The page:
Is the National Lottery price rise 'a tax on the poor'? (poll) Watch

Poll: Is the National Lottery price rise from £1 to £2 a 'tax on the poor'?
Yes (6)
24%
No (19)
76%
Aspiringlawstudent
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#1
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#1
Angry Lottery players have vowed to stop buying a ticket after operator Camelot announced that the price of a Lotto line will double to £2.

More than 1,000 players vented their fury at the price hike on the National Lottery Facebook page this afternoon with many describing the increase as 'greed' while others predicted that it would signal the end of Camelot's involvement with the draw.

Many will condemn the rise as inflation on what is already billed in some quarters as a 'tax on the poor'.

Read more: http://www.dailymail.co.uk/news/arti...#ixzz2IDjQoQZa

Some of the comments:





Personally, I think it's a ridiculous statement, for several reasons;

1. Nobody needs to play the lottery - it's not necessary, and totally incomparable to food, housing, clothing etc.
2. Mathematically, it's a very poor idea to play the lottery - it only makes sense if you're willing to pay the fee for the entertainment value of waiting to see if your numbers come up. I play on occasion mainly for this purpose.
3. It's £2. Do be serious.
4. The idea that the poor only have the lottery as a way to 'better themselves' is laughable in a country in which education is free and compulsory for all.
5. The poor arguably shouldn't be playing the lottery at all considering it is a terrible 'investment' and they have much more pressing needs to attend to.
6. The price of a ticket hadn't risen before now since 1994. Almost twenty years with no inflationary rise was unusual.

Do you agree with me that it is not 'a tax on the poor', or do you think that it is?

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Heidihi7894
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#2
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I think I agree with every point you made. Nobody forces the poor to play the lottery so I hardly see how it is a tax on them. It is also by no means the only way to better yourself financially, and isn't a particularly good one either. They could of course just buy half as many lottery tickets.
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xoxAngel_Kxox
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#3
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I clicked on yes, but meant no. Sorry I'm still half asleep!

I usually play twice a week via direct debit which costs me £8/£9 per month. This is fine, but if it moves to £16/£18 per month I will be cancelling the direct debit. I'm not saying I'm stopping playing entirely, but it seems to me that almost £20 isn't a monthly fee that I would like to pay, whereas £9 just seemed like a relatively small amount- I am aware it's just the psychological aspect that it sounds so much more.. so I will just play every so often instead.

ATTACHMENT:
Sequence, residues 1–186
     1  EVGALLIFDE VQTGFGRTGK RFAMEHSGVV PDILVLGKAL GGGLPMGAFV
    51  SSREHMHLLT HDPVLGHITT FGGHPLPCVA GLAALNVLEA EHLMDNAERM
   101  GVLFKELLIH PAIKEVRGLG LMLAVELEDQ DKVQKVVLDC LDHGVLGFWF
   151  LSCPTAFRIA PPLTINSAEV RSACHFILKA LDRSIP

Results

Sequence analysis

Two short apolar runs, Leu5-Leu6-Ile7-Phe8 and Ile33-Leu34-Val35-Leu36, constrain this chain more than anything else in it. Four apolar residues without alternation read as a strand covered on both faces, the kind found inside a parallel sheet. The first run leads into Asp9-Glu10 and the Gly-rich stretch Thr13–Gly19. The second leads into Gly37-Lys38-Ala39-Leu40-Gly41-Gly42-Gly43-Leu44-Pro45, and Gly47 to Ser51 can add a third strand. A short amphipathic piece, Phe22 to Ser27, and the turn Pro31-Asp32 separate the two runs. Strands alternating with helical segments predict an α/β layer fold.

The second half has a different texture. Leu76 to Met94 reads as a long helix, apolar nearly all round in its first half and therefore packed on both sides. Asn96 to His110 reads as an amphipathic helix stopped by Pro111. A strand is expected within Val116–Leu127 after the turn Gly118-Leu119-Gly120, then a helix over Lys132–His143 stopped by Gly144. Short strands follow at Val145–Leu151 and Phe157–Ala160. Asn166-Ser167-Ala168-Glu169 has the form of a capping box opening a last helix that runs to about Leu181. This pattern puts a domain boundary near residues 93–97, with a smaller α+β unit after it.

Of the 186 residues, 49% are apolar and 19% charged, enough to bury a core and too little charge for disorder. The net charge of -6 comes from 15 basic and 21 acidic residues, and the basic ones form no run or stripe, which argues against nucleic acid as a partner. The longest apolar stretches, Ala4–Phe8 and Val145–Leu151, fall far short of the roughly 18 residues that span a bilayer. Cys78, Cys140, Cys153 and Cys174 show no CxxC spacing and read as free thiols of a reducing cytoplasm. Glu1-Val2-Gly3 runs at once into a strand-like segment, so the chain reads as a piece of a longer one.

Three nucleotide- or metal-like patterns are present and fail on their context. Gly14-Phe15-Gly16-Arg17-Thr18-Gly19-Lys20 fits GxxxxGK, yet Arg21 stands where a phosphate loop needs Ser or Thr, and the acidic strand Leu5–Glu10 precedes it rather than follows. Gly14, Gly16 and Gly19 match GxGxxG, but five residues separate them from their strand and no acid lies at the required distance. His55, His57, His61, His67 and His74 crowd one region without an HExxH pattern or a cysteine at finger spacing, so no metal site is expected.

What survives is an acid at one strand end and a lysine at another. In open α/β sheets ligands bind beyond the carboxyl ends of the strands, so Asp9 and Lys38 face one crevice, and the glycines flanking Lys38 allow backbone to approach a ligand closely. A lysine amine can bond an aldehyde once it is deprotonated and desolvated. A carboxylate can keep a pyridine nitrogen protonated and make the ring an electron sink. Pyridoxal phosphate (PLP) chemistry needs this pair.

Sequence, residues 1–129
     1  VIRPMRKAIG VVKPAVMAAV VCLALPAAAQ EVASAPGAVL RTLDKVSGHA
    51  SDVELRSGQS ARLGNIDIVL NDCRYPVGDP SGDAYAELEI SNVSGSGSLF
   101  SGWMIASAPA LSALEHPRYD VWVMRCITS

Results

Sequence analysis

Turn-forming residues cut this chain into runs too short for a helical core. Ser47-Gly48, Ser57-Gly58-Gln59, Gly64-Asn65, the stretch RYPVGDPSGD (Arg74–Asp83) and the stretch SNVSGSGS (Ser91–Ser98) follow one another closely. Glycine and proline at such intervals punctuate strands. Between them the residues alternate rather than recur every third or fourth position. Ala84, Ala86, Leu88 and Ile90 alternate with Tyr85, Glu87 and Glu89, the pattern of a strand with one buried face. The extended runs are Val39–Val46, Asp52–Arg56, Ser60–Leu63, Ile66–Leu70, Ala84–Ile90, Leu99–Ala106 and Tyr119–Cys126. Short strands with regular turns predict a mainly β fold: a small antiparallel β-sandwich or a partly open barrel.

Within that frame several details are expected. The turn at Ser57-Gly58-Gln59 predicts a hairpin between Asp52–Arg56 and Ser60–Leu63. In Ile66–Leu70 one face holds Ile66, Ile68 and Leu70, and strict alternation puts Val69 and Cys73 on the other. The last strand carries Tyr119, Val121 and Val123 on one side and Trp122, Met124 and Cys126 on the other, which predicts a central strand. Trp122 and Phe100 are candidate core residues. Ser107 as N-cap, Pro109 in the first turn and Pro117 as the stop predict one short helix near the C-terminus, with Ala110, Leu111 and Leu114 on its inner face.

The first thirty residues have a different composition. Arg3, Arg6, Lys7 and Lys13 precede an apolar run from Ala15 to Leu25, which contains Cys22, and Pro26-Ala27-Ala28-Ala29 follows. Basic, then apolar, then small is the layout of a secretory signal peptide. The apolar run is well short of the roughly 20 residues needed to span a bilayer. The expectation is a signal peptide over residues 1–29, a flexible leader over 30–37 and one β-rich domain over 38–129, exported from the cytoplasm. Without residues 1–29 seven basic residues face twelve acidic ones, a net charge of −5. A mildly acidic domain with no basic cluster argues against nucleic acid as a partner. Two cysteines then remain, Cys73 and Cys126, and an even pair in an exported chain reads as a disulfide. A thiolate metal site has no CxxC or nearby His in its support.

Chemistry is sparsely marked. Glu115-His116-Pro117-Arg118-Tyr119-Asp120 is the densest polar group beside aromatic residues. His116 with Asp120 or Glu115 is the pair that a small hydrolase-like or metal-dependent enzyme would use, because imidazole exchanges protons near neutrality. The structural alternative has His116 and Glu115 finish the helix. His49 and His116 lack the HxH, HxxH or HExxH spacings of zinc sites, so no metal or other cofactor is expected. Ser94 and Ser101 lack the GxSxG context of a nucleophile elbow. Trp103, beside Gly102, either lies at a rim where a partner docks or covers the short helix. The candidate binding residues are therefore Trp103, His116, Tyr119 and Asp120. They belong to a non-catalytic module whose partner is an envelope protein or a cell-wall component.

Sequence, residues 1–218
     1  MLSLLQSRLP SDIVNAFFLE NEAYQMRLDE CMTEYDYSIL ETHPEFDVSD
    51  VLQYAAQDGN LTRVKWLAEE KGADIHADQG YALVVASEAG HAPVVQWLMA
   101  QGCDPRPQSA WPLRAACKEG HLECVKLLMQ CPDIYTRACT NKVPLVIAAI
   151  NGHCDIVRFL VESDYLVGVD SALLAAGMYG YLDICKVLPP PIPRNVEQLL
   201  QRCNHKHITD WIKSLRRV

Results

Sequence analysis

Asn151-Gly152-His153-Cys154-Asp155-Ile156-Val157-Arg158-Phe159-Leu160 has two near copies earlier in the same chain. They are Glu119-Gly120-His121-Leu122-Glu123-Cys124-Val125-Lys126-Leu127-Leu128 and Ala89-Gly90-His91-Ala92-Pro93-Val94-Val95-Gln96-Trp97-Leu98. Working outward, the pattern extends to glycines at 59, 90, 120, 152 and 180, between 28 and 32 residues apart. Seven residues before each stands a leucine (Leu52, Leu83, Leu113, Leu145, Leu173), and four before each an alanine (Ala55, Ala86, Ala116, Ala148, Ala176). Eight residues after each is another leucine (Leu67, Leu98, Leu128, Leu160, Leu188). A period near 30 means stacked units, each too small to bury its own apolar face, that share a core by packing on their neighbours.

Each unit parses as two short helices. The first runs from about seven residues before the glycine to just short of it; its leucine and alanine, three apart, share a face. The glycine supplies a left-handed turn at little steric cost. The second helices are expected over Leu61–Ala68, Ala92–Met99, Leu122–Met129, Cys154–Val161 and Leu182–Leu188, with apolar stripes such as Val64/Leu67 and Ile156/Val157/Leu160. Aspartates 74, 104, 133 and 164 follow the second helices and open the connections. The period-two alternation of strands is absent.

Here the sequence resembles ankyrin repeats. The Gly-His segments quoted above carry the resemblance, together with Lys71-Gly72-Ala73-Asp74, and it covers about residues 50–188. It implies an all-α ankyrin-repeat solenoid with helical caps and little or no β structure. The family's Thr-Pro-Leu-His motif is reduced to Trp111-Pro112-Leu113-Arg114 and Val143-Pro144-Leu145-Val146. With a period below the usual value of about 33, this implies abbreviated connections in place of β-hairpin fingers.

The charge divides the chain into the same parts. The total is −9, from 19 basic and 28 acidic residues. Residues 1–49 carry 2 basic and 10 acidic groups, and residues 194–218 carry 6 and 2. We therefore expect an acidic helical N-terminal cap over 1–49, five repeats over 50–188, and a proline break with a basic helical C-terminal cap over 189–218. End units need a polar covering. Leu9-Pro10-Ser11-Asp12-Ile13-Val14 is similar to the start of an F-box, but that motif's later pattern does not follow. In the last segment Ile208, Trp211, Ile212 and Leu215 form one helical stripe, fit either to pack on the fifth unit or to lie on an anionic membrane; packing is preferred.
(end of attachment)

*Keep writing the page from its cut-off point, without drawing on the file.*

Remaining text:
I would love to win the lottery, but I am weighing that up against how unlikely it is, and instead of gaining £6mil I'm just losing £204 per year instead, which I could use on something better! Of course I've always been losing money, but the price rise has just made me think about it.
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Aspiringlawstudent
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#4
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(Original post by xoxAngel_Kxox)
I clicked on yes, but meant no. Sorry I'm still half asleep!

I usually play twice a week via direct debit which costs me £8/£9 per month. This is fine, but if it moves to £16/£18 per month I will be cancelling the direct debit. I'm not saying I'm stopping playing entirely, but it seems to me that almost £20 isn't a monthly fee that I would like to pay, whereas £9 just seemed like a relatively small amount- I am aware it's just the psychological aspect that it sounds so much more.. so I will just play every so often instead.

I would love to win the lottery, but I am weighing that up against how unlikely it is, and instead of gaining £6mil I'm just losing £204 per year instead, which I could use on something better! Of course I've always been losing money, but the price rise has just made me think about it.
Out of interest, why don't you just switch to Euromillions if the price for the same is equal? The odds are less favourable, but considering winning either is incredibly unlikely you may as well go with one that has a much higher jackpot.
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xoxAngel_Kxox
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#5
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#5
(Original post by Aspiringlawstudent)
Out of interest, why don't you just switch to Euromillions if the price for the same is equal? The odds are less favourable, but considering winning either is incredibly unlikely you may as well go with one that has a much higher jackpot.
I think I would die if I won that much. I mean, actually have a heart attack and die.

You do have a fair point though, and I've never played EM, no idea why!
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Aspiringlawstudent
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#6
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(Original post by xoxAngel_Kxox)